Soon after Independence, the reputed and prolific historian of ancient India R.C. Majumdar proposed that the new government should sponsor a detailed history of the Freedom Movement. The idea was well received and arrangements were made under a board of scholars headed by Majumdar. Preparatory work went on for some years, but it became clear that the government expected a Congress-centred, Gandhi-centred history, while Majumdar favoured an approach that included diverse non-Congress figures and movements and subjected the Indian National Congress and the Mahatma to critical scrutiny. This approach did not find favour with the new rulers: in 1956, Majumdar found the rug unceremoniously pulled out from under him and the project handed over to a government-appointed scholar, Tara Chand, who steered the project along predictable lines. (Majumdar went on to publish his three-volume History of the Freedom Movement in India independently4) This was possibly the first instance of major political interference in the writing of history in India.
The 1960s and 1970s saw the rise of a new school of historiography based on Marx’s view of history; it was pioneered in India by the brilliant and versatile scholar D.D. Kosambi and produced new perspectives with a chiefly social, caste-centred focus from which India’s cultural and civilizational achievements tended to recede or disappear, sometimes portrayed as no more than obscurantist or retrograde developments. Patronized by the Congress government, this ‘Marxist’ or ‘Left’ school (both terms being unsatisfactory, though I will use the latter for the sake of convenience) soon dominated the academic scene, institutions, and textbooks.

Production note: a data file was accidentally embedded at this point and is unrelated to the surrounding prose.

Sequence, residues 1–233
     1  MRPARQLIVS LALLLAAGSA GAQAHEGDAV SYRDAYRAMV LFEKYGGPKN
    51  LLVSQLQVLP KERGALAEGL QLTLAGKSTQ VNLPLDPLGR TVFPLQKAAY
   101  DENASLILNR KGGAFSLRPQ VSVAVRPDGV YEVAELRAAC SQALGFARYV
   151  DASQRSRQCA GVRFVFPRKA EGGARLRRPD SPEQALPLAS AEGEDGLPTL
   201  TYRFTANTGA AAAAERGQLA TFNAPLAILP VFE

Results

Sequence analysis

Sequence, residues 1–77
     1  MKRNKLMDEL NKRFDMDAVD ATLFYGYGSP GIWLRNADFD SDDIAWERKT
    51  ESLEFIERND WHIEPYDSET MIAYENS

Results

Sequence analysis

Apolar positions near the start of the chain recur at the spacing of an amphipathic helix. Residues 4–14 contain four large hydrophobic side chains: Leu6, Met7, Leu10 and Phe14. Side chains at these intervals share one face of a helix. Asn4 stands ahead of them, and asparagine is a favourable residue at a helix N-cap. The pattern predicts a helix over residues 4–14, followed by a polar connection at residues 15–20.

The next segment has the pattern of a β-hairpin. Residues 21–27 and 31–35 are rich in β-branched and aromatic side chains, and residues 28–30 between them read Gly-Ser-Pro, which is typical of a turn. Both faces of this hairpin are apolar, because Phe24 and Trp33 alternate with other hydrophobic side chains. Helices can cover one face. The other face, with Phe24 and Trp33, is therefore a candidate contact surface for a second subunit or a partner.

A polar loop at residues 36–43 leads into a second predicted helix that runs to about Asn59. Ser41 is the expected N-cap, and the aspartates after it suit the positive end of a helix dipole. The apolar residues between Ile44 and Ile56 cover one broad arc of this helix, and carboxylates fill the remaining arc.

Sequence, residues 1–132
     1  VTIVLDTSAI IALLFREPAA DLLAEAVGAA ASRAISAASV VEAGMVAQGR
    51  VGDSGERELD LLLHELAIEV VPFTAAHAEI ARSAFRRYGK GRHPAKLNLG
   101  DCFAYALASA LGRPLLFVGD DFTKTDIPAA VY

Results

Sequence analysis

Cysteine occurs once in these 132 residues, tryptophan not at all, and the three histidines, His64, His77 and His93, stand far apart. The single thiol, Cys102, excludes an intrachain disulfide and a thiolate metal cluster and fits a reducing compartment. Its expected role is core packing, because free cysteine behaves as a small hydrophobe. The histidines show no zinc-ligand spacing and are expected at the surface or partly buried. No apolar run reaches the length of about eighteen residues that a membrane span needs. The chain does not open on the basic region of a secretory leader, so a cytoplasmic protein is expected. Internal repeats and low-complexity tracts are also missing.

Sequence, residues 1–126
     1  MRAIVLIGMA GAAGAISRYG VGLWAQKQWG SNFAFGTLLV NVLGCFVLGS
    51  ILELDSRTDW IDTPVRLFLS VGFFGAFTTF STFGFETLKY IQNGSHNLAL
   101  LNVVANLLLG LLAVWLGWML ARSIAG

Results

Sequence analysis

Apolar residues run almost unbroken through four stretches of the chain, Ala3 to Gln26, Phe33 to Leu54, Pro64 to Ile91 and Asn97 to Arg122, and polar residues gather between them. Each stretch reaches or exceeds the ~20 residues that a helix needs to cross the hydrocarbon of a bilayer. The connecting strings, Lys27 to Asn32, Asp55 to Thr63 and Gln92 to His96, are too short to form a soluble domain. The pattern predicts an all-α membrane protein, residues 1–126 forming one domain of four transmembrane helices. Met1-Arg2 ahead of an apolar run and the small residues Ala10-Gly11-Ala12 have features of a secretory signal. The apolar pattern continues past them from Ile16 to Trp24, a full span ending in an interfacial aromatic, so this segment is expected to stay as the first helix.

In 1972, for instance, the then Education Minister, Nurul Hasan, a medieval historian of strong Marxist leanings, was the chief guest at a seminar ‘in honour of Lenin’ held at the Indian Institute of Advanced Study, Shimla. According to the convenor, the seminar was ‘not designed to be merely an act of homage to Lenin’ but ‘intended to provide a springboard for a realistic appraisal of the cultural situation in India that may lead to the emergence of an outline of a cultural policy’ – that is to say, a government-controlled cultural orientation. After praising Lenin as a model for India, Nurul Hasan spoke on the exploitation of Indian ‘masses’ by the ‘upper class’ whose culture ‘was an injustice and supported an outlook which could only be sustained on the basis of obscurantism and revivalism.’5